Thank you. Thank you very much. Michel, thank you, and thank you for your years of leadership. President Yayi, thank you. Everywhere I go at the UN this week where there’s an important issue being discussed, the President is here on behalf of Benin and on behalf of the AU – (applause) – and we thank you so much, Mr. President. And thank you, Chairman Ping. Thank you for the work that you have done in raising the visibility and the importance of health-related issues at the African Union.
And good morning to all of you excellencies and ladies and gentlemen. It is such a pleasure for me to be here at this event to demonstrate very visibly America’s commitment to shared responsibility as we all work together toward a historic goal: creating an AIDS-free generation. It is an ambitious goal that we have set, but I know we can reach it. In part, that’s because of the commitment of every one of you and the many others you represent here today. I also know because of the investments that the United States and our partners have been making for decades to understand, prevent, and treat this disease.
But there’s another reason we can foresee an AIDS-free generation, and that is because nations are stepping up to their own responsibilities to care for their own people. Because ultimately, if we are going to win the fight against AIDS, the societies that are the hardest hit will have to lead the way. That’s why the United States, under the leadership of Dr. Eric Goosby, who is the head of our PEPFAR program and a long time physician who treated some of the very first AIDS patients in San Francisco, to an advocate and manager and champion of what we all can do together – he and I have worked closely together in the Obama Administration to make country ownership a hallmark of PEPFAR and other health programs.
But let me be very clear: Country ownership is not code for abandoning our partners. We are continuing our support, but we are reshaping our programs in ways that make them more sustainable. We want to help our partners, all of you, help set priorities and get the capacity to manage resources, develop your own plans, implement them, and eventually fund them as well. Because in the end, there must be commitment from communities and from governments across the world.
I’m often asked by those who I serve with in the Obama Administration as well as colleagues in Congress, “Tell me, are our partners really taking ownership of the fight against AIDS?” More and more I can say without hesitation the answer to that question is yes.
I can tell people about Namibia, which now provides half of the financing for its fight against HIV/AIDS. (Applause.) Dozens of doctors and nurses who used to be supported by PEPFAR or the Global Fund are now paid by and overseen by the Namibian Government. Soon many pharmacists and nurses will make this same transition, and I thank Namibia for its leadership.
I can also tell you about South Africa, where the government now accounts for about three quarters of all HIV/AIDS spending in the country. Under the new Partnership Framework that I signed when I was in Cape Town with the Health Minister of the Zuma Administration, South Africa will pay for nearly 90 percent of its HIV/AIDS response by 2017. So let me thank President Zuma and South Africa for their commitment and leadership.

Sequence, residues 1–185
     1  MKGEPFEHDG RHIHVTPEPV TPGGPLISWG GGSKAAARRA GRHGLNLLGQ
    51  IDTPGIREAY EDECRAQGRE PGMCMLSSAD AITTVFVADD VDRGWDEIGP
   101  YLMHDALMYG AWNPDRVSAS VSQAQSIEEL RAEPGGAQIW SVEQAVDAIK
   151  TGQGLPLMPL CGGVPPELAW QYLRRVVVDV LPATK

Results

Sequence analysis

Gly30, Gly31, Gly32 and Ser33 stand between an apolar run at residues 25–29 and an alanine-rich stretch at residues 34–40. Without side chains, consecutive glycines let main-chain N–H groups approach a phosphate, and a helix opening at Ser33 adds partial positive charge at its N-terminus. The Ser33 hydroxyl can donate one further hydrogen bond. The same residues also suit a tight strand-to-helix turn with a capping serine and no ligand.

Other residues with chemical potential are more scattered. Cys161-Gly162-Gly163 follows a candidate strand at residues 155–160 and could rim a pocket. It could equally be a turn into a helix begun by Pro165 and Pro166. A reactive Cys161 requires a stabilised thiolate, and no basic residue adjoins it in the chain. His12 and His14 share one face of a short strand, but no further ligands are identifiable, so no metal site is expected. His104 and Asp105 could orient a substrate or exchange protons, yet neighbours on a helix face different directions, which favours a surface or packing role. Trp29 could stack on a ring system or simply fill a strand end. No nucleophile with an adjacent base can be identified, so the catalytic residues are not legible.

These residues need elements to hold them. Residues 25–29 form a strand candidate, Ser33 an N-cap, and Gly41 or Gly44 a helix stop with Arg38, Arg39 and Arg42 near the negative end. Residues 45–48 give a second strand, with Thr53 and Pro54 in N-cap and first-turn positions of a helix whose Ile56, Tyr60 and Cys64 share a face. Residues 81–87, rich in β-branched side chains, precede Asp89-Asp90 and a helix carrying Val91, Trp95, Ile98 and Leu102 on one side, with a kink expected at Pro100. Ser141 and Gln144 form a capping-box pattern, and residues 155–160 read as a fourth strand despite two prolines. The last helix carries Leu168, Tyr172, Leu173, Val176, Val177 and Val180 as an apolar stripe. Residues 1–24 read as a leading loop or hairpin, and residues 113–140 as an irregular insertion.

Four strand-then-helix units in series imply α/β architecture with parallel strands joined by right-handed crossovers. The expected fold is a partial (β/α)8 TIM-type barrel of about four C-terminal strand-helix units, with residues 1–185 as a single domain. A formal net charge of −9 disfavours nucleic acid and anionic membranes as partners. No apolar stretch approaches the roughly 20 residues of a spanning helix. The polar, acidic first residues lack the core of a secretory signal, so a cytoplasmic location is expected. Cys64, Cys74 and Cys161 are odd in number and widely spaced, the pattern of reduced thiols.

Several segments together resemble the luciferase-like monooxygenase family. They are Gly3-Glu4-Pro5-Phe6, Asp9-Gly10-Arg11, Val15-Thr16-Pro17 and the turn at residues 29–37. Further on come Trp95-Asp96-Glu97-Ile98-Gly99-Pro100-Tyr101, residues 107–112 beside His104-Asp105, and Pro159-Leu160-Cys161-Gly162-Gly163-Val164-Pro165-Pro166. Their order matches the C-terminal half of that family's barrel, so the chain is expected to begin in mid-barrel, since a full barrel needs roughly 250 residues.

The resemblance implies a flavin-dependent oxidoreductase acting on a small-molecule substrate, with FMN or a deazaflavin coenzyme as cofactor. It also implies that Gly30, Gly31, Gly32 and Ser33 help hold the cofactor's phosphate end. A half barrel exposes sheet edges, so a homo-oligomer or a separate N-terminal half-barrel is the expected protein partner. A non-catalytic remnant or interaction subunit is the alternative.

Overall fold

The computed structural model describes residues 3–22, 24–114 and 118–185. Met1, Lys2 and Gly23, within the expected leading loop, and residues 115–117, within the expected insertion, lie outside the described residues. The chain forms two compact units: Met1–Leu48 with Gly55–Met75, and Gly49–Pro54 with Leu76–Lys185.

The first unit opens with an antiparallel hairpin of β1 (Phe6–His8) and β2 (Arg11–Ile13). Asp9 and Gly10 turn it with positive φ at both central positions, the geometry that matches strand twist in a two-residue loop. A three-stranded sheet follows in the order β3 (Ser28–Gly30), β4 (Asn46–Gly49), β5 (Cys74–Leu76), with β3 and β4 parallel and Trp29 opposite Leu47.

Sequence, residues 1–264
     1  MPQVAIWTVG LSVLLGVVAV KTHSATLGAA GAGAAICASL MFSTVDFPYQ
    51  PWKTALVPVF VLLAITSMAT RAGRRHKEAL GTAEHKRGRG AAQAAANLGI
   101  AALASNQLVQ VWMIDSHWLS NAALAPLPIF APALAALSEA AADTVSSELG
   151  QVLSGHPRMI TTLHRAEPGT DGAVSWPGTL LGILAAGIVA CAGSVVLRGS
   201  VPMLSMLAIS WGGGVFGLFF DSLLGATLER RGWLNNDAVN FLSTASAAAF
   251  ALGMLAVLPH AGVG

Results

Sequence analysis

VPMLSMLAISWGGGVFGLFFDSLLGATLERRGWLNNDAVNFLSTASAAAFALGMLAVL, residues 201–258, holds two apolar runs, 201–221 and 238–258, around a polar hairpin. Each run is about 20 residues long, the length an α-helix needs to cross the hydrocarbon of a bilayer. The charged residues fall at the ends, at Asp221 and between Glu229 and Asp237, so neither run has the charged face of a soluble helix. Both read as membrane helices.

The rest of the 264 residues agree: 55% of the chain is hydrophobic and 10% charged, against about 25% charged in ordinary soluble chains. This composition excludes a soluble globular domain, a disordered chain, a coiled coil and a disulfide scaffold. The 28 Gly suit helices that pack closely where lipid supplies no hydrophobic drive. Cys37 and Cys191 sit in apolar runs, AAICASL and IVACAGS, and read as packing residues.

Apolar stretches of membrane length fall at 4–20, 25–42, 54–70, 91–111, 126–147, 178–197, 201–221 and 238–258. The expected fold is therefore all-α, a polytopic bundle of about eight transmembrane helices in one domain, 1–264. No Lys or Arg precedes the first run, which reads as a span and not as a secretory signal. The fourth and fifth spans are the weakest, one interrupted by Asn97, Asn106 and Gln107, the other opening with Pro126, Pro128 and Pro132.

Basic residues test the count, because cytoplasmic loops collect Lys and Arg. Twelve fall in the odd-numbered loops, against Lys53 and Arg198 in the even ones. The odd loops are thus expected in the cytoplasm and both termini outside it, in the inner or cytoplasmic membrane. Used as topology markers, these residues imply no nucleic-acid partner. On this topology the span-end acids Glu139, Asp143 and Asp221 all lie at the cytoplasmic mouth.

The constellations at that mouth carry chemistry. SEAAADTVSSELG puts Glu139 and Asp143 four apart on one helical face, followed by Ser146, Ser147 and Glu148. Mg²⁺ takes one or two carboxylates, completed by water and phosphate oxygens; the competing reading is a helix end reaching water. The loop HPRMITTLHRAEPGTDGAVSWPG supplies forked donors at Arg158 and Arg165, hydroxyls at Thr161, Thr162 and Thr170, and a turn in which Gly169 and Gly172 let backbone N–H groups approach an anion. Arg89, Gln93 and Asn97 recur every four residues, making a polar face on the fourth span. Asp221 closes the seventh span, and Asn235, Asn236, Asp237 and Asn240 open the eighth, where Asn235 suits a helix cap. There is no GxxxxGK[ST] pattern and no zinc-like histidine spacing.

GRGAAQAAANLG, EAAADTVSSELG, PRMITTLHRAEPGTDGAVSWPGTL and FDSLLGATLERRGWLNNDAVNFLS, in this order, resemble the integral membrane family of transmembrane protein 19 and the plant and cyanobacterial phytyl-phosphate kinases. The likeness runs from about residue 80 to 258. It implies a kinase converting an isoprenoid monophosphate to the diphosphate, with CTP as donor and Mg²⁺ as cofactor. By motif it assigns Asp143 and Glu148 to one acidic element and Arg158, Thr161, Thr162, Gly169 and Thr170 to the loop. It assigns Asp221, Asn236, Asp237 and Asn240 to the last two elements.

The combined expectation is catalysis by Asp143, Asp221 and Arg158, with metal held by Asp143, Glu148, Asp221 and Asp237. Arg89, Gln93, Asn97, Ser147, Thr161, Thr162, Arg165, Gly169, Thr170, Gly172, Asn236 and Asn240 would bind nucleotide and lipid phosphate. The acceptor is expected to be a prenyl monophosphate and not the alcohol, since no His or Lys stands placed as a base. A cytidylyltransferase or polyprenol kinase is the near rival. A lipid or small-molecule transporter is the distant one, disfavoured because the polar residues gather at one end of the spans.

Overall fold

Or I can tell you about Rwanda, which has taken over the management of treatment programs at 70 medical facilities, serving over 30,000 HIV-positive patients. And Rwanda’s increased ownership and capacity then helps to free up our resources to work with Rwanda to train local healthcare workers. That is a priority that Rwanda identified, and it’s one that we are very proud to help Rwanda meet.
So Namibia, South Africa, Rwanda; they are not alone. I could cite many more examples, including many of the countries represented here. But we know that change can be difficult, and some of our practices and habits go back decades. And so often in life it is easier to keep doing the same things the same old way. So when we talk about holding each other accountable, we are really agreeing to help each other overcome inertia, to make hard choices, to do the tough work of finding new ways to work together. And that, to me, is the message that I hope you will take with you, because we have to be more innovative, creative, and smart about the resources we have and how they can best be deployed.
So to that end, the United States is pilot-testing a scorecard that will allow us and our partners to assess our joint programs and progress in building sustainable, country-owned health programs, including our efforts to fight HIV/AIDS. And I know that the members of the AU, Dr. Ping, are undertaking your own efforts along similar lines. That is a great step forward if we are serious about shared responsibility, and we should work together to learn from each other so our efforts are complementary.
So the steps that you are discussing here today represent measurable progress, but to deliver on that promise, the promise of this moment, we have to maintain the progress and build on it. If every nation devastated by HIV follows the example of many of the leaders in this room and steps up to shared responsibility, we won’t just keep up our momentum; we will accelerate our progress and move even faster toward the day when we can announce the birth of an AIDS-free generation.
Thank you all very much. (Applause.)